Hillary Clinton got lucky Monday night. Very lucky.
But not for the reasons some are alleging.
Some have attributed her squeaker of a victory over Bernie Sanders in the Iowa Democratic presidential caucuses to an improbable lucky streak of tiebreaking coin tosses.
It’s been reported that there were as many as six sites where ties were decided by the flip of a coin — and Clinton won every single one. The odds of that happening are 1 in 64, or less than 2 percent. What’s more, that gave her just slightly more than her margin of victory over Sanders — four delegates.
Things that make you go hmm. Indeed.
Here’s proof: Watch one of these coin-toss tiebreakers in this video, taken by Univision reporter Fernando Peinado at a caucus precinct:
— Fernando Peinado (@FernandoPeinado) February 2, 2016
Except that doesn’t tell the whole story. In fact, there were at least a dozen tiebreakers — and “Sen. Sanders won at least a handful,” an Iowa Democratic Party official told NPR.
Gone unmentioned so far is that even if Clinton won that Miracle Six — and there were no other coin tosses — it would make little difference in the outcome. That is, in part, because of the complicated way Iowa Democrats allocate their delegates — and what was being reported on election night and what wasn’t.
Let’s step back and explain that for a second; and this is tricky, so stay with us.
First, understand that the state party reported a grand total of 171,508 caucusgoers, the second-highest turnout in Iowa caucus history behind 2008. And no raw vote was — or is ever — broken out by candidate and recorded at the Democratic caucuses.
That’s because in Iowa, it’s a delegate game.
Iowa has a multistep process for picking delegates. Monday night was just Step 1. Here’s how it works:
1. There were 1,683 precinct caucuses on Iowa caucus night.
2. Those precinct caucuses elected 11,065 delegates to the county conventions, which take place March 12.
3. That universe of 11,065 delegates is whittled down to 1,406 who will attend congressional district (April 30) and state conventions (June 18).
4. And here’s the root of what’s causing all the confusion: The breakdown of those 11,065 is not reported on caucus night.
5. What IS reported, what Clinton’s 49.9 to 49.6 percent tracing-paper-thin lead is based on, is “state delegate equivalents.”
6. Those are ESTIMATES of how many of those 11,065 will attend the congressional district and state conventions.
So … when those coin tosses are happening, they are elected delegates in that larger universe.
That means, for Clinton to have picked up the four delegates, she would have had to have won not six in a row, but more like 47.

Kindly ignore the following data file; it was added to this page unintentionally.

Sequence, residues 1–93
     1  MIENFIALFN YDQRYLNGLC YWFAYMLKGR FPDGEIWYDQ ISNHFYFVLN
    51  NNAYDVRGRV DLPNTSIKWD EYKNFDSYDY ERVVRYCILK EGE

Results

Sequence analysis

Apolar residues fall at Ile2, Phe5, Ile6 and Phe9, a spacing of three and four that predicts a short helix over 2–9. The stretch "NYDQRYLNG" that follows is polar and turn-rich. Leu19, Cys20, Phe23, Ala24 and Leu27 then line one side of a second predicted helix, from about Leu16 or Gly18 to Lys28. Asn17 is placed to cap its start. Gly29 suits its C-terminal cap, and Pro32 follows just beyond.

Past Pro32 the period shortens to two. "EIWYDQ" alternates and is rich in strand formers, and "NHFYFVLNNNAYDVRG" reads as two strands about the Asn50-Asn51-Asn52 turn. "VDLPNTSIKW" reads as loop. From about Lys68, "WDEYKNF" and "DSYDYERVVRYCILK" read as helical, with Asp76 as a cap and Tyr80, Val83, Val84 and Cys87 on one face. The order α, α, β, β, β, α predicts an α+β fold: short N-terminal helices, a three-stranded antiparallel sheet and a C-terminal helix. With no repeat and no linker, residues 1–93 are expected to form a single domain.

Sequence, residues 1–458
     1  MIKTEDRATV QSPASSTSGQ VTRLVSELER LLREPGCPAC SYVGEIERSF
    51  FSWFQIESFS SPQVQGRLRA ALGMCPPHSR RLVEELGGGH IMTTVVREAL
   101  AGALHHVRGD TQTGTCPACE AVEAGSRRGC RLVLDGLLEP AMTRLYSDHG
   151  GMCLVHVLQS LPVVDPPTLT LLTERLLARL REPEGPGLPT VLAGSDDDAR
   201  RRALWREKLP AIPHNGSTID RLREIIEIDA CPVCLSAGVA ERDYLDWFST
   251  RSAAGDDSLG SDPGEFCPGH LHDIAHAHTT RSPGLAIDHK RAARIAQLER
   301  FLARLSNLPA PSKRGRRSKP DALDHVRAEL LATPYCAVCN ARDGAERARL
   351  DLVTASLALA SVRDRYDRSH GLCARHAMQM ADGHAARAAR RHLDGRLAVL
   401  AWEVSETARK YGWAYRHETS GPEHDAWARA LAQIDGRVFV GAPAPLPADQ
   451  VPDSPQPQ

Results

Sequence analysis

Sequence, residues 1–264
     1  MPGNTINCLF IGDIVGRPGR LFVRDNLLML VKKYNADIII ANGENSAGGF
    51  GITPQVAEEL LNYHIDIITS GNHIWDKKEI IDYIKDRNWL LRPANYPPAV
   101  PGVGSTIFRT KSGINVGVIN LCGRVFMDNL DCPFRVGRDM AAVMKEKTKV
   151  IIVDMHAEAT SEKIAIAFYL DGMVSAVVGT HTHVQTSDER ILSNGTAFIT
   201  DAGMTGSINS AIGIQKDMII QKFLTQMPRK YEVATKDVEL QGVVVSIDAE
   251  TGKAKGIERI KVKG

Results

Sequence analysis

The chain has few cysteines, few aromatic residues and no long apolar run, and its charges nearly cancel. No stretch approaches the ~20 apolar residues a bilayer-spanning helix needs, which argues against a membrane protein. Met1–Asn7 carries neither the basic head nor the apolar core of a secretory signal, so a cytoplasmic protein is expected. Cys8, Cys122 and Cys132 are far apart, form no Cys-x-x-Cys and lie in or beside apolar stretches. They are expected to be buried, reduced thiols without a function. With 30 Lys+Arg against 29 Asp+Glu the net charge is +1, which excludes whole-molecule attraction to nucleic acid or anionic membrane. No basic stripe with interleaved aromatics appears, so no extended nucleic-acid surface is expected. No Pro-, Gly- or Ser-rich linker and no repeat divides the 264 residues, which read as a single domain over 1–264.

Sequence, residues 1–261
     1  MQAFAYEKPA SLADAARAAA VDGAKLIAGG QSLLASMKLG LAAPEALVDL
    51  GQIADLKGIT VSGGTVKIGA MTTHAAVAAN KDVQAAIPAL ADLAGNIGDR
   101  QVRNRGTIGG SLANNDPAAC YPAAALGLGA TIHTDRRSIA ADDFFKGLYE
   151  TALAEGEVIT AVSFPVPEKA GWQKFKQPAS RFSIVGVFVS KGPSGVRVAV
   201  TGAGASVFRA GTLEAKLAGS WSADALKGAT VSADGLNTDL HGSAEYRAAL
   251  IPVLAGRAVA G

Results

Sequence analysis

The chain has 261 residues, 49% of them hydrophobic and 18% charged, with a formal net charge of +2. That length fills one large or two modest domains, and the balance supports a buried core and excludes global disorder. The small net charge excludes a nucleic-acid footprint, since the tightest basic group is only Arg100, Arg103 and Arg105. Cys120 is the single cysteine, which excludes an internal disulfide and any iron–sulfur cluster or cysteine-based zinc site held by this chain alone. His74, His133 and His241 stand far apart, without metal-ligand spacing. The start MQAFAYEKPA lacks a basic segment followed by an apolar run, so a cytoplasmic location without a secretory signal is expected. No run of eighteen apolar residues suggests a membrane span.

A coin flip? Really?
Yes, Iowa — and it’s not alone — uses coin tosses to break ties in precincts that award an odd number of delegates.
For example: Let’s say five delegates are set to be awarded in Precinct 1. There are 30 people for Clinton and 30 people for Sanders — and no one on either side can be swayed.
The result: Clinton and Sanders get two delegates apiece. What happens to the final delegate? The caucuses revert to, you guessed, it, a coin toss.
Does this happen often?
It’s pretty rare in a normal race, but this was no normal race. Clinton and Sanders were separated by a razor-thin 0.3 percentage point, or four “state delegate equivalents” — 701 for Clinton, 697 for Sanders and eight for Martin O’Malley. It was the closest result in 40 years of the Iowa Democratic caucus.
What was that about 60 missing caucusgoers and a coin flip?
As NPR’s Jessica Taylor reports, the Des Moines Register explained how a tie happened at one precinct: After 60 registered caucusgoers were missing since the initial tally, and O’Malley’s supporters had been redistributed, Clinton was assigned four delegates and Sanders got three. But one remained unassigned based on the initial count:
“Unable to account for that numerical discrepancy and the orphan delegate it produced, the Sanders campaign challenged the results and precinct leaders called a Democratic Party hot line set up to advise on such situations.
“Party officials recommended they settle the dispute with a coin toss. A Clinton supporter correctly called ‘heads’ on a quarter flipped in the air, and Clinton received a fifth delegate.”
Could this happen again this year?
It’s pretty unlikely, but not impossible. Again, as Taylor reports, seemingly unusual tiebreak methods are not new in politics. According to the National Council of State Legislatures, Wyoming uses coin tosses to break ties. Last year in Mississippi, the winner of a seat in the state Legislature was determined by drawing straws.